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Assessing the dietary intake of omega 3 fatty acids and examining the effect of a 6 month supplementation of EPA on blood lipids and inflammatory cytokines in healthy Irish adults

Creator:

Keaskin, Laura;

Institution: University of Limerick
Subject Keywords: healthy Irish adults; omega 3; blood lipids; inflammatory cytokines;
Region:
Description:

The health benefits of long chain (LC) n-3 polyunsaturated fatty acids (PUFA) are now widely recognised (Tur et al 2012) including triglyceride lowering effects (Lopez-Huertas, 2012) and anti-inflammatory effects (Rangel-Huerta et al 2012). However, intakes of oily fish among Irish adults in the recent national survey show that consumption of fish is low (Irish Universities Nutrition Alliance, 2011) and dietary intakes of LC n-3 PUFA are below international recommendations (Leite et al 2010).
This study investigated the dietary intakes of LC n-3 PUFA, specifically, eicosapentaenoic acid (EPA) and docosahexaenoic acid (DHA) in a sample of healthy Irish adults. Subsequently, the effects of a 1g EPA supplement for 24 weeks on blood lipids and inflammatory cytokine levels were examined.
A pilot study was conducted to determine the preferred dietary assessment method; a food frequency questionnaire (FFQ) and a 4-day food record were compared in a separate sample of older adults (n=37). The results had poor correlation and the 4-day food record was chosen as it was thought that the FFQ would over-estimate fish consumption. The cross sectional study analysed the dietary intake of apparently healthy adults using a 4-day food record. The results were compiled in Weighed Intake Software Package (WISP© Version 3.0) (Tinuviel Software, Warrington, UK) and analysed using an updated fatty acid database following the method of Leite et al (2010). The double-blind randomised controlled trial provided subjects with a 1g EPA supplement or placebo and measured the change in blood lipid profile and inflammatory cytokines in healthy adults after 24 weeks. Median EPA and DHA intakes were compared to reference data. Changes in blood lipids and inflammatory cytokines were analysed for statistical significance using the Wilcoxon Sign test and the Friedman test.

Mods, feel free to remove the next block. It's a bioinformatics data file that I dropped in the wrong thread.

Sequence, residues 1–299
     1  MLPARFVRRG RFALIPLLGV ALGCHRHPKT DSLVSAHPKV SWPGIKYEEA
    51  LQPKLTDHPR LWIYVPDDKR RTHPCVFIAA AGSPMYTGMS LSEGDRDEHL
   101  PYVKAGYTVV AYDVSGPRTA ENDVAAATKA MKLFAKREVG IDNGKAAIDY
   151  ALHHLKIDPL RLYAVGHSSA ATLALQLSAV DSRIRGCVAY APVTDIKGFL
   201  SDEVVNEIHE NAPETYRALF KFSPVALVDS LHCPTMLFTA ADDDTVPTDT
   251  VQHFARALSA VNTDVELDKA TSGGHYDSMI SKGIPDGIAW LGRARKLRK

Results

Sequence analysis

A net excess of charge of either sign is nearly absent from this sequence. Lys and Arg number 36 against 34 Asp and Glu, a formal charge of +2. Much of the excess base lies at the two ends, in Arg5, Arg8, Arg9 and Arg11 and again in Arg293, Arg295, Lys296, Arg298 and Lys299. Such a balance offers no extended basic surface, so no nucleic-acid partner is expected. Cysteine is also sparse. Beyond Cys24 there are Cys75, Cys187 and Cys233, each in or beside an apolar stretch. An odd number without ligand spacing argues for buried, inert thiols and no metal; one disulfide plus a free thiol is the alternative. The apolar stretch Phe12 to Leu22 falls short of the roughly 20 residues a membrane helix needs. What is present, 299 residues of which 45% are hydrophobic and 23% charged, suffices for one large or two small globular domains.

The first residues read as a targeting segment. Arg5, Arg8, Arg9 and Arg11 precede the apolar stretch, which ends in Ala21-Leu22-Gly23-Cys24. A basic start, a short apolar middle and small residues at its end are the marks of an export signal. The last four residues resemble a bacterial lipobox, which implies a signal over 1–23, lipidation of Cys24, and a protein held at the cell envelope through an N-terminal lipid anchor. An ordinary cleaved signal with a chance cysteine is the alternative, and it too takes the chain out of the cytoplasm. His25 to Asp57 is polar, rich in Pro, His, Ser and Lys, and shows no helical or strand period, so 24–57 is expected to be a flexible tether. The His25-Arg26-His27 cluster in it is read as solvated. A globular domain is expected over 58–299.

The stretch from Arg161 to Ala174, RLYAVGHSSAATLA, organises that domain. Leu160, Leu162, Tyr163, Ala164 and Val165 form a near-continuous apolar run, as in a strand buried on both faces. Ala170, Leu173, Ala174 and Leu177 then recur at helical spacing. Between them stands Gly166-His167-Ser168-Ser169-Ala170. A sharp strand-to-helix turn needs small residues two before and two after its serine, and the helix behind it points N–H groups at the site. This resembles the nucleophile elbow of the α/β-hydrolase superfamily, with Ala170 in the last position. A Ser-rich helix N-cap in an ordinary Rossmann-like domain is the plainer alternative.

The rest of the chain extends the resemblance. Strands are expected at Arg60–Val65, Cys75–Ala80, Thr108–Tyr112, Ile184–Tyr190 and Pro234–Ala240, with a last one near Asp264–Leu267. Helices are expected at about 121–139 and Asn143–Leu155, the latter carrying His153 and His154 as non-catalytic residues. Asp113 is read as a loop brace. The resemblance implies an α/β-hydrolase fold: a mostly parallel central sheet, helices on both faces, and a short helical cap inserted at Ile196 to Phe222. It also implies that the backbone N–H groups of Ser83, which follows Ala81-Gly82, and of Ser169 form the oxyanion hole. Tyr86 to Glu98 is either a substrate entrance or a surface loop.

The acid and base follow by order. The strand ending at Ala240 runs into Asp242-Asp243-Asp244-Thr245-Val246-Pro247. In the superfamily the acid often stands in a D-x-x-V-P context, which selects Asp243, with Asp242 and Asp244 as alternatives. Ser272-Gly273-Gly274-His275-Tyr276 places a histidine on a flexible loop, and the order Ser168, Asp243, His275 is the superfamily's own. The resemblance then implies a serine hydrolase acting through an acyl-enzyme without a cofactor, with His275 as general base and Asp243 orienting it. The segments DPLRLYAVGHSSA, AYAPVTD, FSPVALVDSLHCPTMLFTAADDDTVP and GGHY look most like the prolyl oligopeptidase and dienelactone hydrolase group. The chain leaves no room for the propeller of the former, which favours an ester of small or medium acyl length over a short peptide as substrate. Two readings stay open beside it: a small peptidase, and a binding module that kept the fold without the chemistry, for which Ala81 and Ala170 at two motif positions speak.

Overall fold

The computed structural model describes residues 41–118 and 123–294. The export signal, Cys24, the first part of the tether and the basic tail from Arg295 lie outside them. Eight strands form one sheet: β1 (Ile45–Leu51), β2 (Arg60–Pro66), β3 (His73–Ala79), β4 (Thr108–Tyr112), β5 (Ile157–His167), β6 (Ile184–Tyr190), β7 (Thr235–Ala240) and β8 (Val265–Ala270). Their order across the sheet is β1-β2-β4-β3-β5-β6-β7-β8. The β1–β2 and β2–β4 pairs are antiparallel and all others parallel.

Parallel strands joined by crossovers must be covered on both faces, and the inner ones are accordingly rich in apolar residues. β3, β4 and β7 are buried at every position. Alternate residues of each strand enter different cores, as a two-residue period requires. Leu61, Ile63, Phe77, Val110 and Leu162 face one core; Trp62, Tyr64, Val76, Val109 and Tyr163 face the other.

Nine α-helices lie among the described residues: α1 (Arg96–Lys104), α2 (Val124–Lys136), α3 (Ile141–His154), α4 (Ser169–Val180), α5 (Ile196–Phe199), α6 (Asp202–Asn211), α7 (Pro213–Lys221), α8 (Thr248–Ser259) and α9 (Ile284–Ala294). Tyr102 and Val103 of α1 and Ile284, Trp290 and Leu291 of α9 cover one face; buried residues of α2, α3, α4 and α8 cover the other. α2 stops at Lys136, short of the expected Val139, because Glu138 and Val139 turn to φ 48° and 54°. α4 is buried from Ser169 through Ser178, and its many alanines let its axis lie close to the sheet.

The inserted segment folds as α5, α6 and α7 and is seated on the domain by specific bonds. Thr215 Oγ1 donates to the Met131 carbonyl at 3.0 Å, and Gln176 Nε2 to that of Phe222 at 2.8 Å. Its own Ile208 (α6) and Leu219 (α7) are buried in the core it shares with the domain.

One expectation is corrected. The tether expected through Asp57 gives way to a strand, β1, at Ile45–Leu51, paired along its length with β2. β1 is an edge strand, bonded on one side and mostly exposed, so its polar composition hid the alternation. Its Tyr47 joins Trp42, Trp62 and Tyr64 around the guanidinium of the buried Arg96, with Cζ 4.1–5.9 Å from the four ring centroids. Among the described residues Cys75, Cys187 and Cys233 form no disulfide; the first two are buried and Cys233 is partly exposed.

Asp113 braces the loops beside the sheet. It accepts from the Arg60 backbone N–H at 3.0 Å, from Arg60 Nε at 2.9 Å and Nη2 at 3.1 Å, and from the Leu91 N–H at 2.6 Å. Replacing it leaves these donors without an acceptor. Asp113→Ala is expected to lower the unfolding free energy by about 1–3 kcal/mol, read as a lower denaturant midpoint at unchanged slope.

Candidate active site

Less than 10% of adults in this study met the recommended intakes of EPA and DHA. As expected, intakes among fish consumers were significantly higher than non-fish consumers. Compared to placebo blood lipids were not significantly different following 24 weeks of EPA supplementation. In the control group the median concentration of circulating IL-1β decreased by 24% (1.16pg/ml vs. 0.88pg/ml; p=0.001) and IL-6 by 7.7% (3.11pg/ml vs. 2.87pg/ml; p = 0.007); the other cytokines remained unchanged.
The majority of adults in this study did not meet recommendations for dietary LC n-3 PUFA intakes. The effect of a 1g EPA supplement on lipid profiles and inflammatory cytokines was not conclusive; this could be explained in part by the low lipid and cytokine levels at baseline in this healthy population.

Suggested citation:

Keaskin, Laura; . () Assessing the dietary intake of omega 3 fatty acids and examining the effect of a 6 month supplementation of EPA on blood lipids and inflammatory cytokines in healthy Irish adults [Online]. Available from: http://www.thehealthwell.info/node/770653 [Accessed: 15th December 2017].

  

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